opportunity for enterprises to embrace
and adopt the cloud. Undertaking such
a large-scale migration, however, introduces a new challenge: How can enterprises adapt and rapidly evolve without
reducing their reliability?
Cloud migration strategy.
Enterprises typically have complex business
requirements, so a lift-and-shift strategy to migrate 100% of their workloads
to a single cloud provider may not be
feasible. A hybrid cloud environment
provides the flexibility for workloads to
operate seamlessly across both public
and private cloud environments. This
approach greatly simplifies the cloud
adoption strategy and provides a controlled environment that ensures a predictable level of reliability throughout
the transition to the cloud.
Enterprises that thoughtfully em-
brace the hybrid cloud strategy have
less risk in terms of overall reliability
and have a faster path to cloud trans-
formation. Investing in a common
application platform, coupled with
the adoption of technologies such as
Kubernetes ( https://kubernetes.io/),
Istio ( https://istio.io/), and serverless
computing ( https://en.wikipedia.org/
the flexibility to operate workloads,
agnostic to the cloud provider. Tech-
nologies such as the GCP (Google
Cloud Platform) Anthos platform
can also help enterprises expedite
their transition to the cloud in a reli-
able and efficient manner.
VEC ecosystem. Developing a strong
relationship among vendors, enter-
prises, and cloud providers is pivotal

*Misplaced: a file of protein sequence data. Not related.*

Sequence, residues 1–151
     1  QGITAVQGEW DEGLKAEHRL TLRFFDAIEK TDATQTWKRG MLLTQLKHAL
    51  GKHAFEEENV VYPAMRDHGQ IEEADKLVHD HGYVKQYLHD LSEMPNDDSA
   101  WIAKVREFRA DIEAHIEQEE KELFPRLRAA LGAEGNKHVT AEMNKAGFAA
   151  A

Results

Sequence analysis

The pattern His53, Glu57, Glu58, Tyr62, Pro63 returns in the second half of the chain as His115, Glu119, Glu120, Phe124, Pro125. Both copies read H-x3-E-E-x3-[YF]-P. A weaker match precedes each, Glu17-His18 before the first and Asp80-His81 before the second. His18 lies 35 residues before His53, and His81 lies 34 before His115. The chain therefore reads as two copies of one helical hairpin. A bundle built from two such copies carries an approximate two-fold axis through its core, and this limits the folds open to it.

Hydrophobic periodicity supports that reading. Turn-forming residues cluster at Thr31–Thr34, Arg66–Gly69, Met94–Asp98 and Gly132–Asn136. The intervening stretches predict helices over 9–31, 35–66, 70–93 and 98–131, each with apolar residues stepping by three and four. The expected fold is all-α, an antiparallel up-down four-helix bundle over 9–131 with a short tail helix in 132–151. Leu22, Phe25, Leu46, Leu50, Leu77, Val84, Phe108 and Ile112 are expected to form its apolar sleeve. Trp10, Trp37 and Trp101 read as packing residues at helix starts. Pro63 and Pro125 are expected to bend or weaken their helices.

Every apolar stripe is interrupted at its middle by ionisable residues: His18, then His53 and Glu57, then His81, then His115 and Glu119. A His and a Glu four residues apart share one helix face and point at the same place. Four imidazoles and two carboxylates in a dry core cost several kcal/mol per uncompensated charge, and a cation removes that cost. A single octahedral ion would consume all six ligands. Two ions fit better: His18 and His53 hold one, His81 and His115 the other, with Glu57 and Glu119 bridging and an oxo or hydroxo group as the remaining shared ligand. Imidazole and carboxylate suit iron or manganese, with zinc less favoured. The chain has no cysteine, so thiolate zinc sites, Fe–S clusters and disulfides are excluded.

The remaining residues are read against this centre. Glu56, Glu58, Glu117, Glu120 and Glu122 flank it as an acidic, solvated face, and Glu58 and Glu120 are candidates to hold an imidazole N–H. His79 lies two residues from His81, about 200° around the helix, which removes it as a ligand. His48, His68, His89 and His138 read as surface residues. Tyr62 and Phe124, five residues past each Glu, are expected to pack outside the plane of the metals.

to the future of enterprise reliability.
Cloud providers need to motivate soft-
ware vendors, through partnership
programs, to modernize third-party
software embracing cloud-based tech-
nologies and building certified mul-
ticloud-compliant software offerings.
This VEC (vendor-enterprise-cloud)
ecosystem coupled with the technolog-
ical shift will bring a rapid transforma-
tion shaping the enterprise domain.
Maintaining enterprise reliability is a continuous process that is in
a crucial moment with the advent of
the cloud. The next decade will be the
era of large-scale enterprise transformations leveraging cloud capabilities, and only those enterprises that
grasp the discipline of reliability engineering will be able to transform
successfully into the realm of cloud-based enterprise computing.
Toward Software-defined SLAs
Enterprise Software as Service
Why Cloud Computing Will Never Be Free
1. Jones, C., Wilkes, J., Murphy, N. and Smith, C. Service-level objectives. Site Reliability Engineering. B. Beyer,
C. Jones, J. Petoff, and N.R. Murphy, eds. O’Reilly
Media, 2016; https://landing.google.com/sre/sre-book/
2. Treynor, B., Dahlin, M., Rau, V., Beyer, B. The calculus
of service availability. acmqueue 15, 2 (2017); https://
Sanjay Sha is an SRE Manager at Google. With more than
14 years’ experience running several large-scale systems
at Google, he currently leads the Enterprise domain,
managing SRE teams supporting Google’s key business
verticals. He is currently working on the Corp to Cloud
initiative to run Google’s internal enterprise workloads
Copyright held by author/owner.
Publication rights licensed to ACM.